Vital role predicted for Carrier WiFi on the road to 5G
This week in London the Wireless Broadband Alliance (WBA) is hosting the WiFi Global Congress 2015 and to coincide with that (Day 1 is today), it’s released a report, compiled by Maravedis Rethink, entitled Towards 2020: Emerging Opportunities for Wi-Fi Services.
The report is free to download, has been authored by analyst Caroline Gabriel, and details how new Wi-Fi networks are going to drive many of the new service developments in areas such as the Internet of Things (IoT), 5G, converged services and the infrastructure for smart cities.
This view is now gaining ground fast, although there is still a strong body of opinion in telco territory that would rather see LTE extended (via LTE-U) into the public bands, rather than have WiFi extending itself onto the telco network. But it’s also fair to say that trenchant views on the desirability of carrier WiFi are more often held by traditional vendors (who have something to lose) rather than mobile network operators who, it’s alleged, have much to gain by its adoption
Now, the expectation is that fully ‘carrier-grade’ WiFi can make a crucial complement to existing radio standards and, if broadly implemented will, to quote the report “spark an explosion in the range of services which consumers can use on hotspots, and in the monetization options for operators.”
“New capabilities include faster data rates (802.11ac hotspots), seamless authentication and handoff to cellular (NGH and Passpoint), wider roaming, carrier-grade network and subscriber management, and improved QoS and security.”
“A WiFi network can now support many services which were difficult or impossible with previous public Wi-Fi generations. The most important fall into four categories, all of which are enabled by improved levels of performance and reliability:
• Services which require high levels of security and QoS, such as enterprise communications (especially voice) and public sector applications like safety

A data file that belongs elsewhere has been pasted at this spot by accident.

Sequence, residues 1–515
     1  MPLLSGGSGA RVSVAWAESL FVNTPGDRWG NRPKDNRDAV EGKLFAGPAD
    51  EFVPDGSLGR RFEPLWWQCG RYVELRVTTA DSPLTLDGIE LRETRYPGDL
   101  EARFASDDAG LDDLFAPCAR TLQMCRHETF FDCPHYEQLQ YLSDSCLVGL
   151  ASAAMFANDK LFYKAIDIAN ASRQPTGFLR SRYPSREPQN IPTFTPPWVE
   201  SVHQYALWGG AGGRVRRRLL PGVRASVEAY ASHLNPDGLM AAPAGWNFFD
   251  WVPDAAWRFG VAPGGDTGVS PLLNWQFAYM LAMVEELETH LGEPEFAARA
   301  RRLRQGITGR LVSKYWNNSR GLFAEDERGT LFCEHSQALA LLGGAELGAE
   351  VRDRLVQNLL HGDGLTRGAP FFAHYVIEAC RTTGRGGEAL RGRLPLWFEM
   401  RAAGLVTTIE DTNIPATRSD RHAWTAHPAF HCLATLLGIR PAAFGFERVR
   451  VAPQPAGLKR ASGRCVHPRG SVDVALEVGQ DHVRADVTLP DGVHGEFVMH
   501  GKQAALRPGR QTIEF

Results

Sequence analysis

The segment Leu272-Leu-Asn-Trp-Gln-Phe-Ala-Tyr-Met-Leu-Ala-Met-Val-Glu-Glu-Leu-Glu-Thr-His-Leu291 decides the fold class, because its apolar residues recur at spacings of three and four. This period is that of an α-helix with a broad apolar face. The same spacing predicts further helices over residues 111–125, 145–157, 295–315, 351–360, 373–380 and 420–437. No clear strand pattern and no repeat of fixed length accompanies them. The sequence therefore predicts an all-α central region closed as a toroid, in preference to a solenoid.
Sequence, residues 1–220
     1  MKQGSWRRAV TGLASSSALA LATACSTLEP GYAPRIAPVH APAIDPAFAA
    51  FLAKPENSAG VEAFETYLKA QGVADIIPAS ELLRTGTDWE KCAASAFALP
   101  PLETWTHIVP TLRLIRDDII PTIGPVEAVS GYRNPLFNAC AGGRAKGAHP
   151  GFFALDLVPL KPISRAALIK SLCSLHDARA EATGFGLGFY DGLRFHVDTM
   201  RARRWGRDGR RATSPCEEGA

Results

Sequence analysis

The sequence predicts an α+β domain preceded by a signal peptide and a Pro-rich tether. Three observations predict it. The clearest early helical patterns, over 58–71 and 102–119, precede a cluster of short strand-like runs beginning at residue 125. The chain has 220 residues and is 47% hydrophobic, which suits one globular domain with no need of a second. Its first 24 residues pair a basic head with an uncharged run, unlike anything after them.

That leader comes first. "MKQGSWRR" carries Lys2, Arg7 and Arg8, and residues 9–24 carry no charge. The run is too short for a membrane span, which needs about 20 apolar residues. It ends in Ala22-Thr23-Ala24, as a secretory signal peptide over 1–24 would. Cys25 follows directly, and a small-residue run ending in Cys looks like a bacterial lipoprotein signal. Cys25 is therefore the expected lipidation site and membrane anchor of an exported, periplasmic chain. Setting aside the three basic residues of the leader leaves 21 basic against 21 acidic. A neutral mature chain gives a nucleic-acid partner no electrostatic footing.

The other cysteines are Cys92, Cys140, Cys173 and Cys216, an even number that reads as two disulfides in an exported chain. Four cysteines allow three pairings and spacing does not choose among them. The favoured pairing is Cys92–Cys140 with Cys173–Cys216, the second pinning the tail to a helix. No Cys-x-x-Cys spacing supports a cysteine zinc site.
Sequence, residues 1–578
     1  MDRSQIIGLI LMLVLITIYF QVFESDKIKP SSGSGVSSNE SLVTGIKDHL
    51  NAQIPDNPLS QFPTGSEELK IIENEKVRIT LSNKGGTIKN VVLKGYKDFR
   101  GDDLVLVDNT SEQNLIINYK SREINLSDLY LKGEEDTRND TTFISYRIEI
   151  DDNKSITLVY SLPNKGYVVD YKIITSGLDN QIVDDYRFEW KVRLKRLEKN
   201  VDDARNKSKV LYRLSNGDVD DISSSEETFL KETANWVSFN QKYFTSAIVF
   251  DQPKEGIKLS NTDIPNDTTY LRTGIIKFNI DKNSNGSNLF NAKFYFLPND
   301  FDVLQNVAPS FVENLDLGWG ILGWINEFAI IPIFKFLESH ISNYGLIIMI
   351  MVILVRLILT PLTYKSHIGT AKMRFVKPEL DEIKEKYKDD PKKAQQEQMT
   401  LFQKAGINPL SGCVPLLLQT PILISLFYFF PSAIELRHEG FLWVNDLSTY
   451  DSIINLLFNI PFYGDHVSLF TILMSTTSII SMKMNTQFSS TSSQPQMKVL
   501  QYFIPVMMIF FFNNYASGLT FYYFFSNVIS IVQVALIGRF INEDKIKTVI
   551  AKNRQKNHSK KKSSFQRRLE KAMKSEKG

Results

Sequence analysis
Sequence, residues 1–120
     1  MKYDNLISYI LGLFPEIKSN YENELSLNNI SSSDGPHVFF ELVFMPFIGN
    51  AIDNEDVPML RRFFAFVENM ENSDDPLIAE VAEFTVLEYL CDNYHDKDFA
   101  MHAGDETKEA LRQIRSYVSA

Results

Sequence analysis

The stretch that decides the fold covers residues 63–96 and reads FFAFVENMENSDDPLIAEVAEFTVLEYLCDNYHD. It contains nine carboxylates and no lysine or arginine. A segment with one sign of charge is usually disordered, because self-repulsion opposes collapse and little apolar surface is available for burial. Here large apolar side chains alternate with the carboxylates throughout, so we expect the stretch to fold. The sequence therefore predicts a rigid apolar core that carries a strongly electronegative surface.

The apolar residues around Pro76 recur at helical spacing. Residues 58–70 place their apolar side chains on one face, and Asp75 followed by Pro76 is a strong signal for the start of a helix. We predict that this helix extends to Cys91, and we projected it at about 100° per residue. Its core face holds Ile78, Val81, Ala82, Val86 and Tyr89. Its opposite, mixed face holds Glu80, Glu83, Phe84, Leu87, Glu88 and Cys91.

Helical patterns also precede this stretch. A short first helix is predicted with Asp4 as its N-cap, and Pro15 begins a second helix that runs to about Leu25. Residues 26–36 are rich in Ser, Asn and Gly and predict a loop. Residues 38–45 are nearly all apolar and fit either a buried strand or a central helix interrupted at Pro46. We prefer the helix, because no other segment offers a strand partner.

• Services which rely on integration with other networks, such as cellular or cable – part of a broader trend towards converged quad play offerings
• Services which focus on ultra-reliable machine-to-machine communications rather than human use, such as smart city and smart healthcare applications
• Services such as ‘TV everywhere’, which are driven by high quality video, which is dependent on good bandwidth and QoS.
What about 5G?
The extensive use of carrier WiFi supports the ‘hetnet’ version of 5G: the one - outlined by the GSMA in March - which envisages next generation services under a 5G management umbrella but comprising different service types incorporating WiFi and LTE as well as (to start off with) 3 and even 2G services all loosely coupled and aggregated where feasible and desirable. While there will be ultra-fast, ultra-secure and reliable new radio network types along with alternative networks (low-power IoT networks for instance), they’ll just be an important part of the mix. From now on there won’t be monolithic network deployments as of old (no carrier has the money to invest in such a model to start with), but rather a continual evolution of network types with faster and faster speeds and lower and lower latencies.
Naturally, the report is very upbeat about this prospect and can see it changing the industry’s structure and value chain: “The ability to implement services in these emerging categories will not only create new revenue streams for Wi-Fi networks, they will create a new class of service providers. As the types of services expands, there will be a major proliferation of companies supporting consumer, enterprise or IoT (internet of things) services on Wi-Fi.
“Many of these will not build their own hotspots, but will harness improved roaming and authentication schemes to rely on third party networks. Venues, retailers, smart city providers, over-the-top content providers, multimedia applications developers and many others will offer their services and brands to the growing base of users by riding on carrier-grade Wi-Fi.”
It predicts that 2015 is going to be a landmark year for WiFi.
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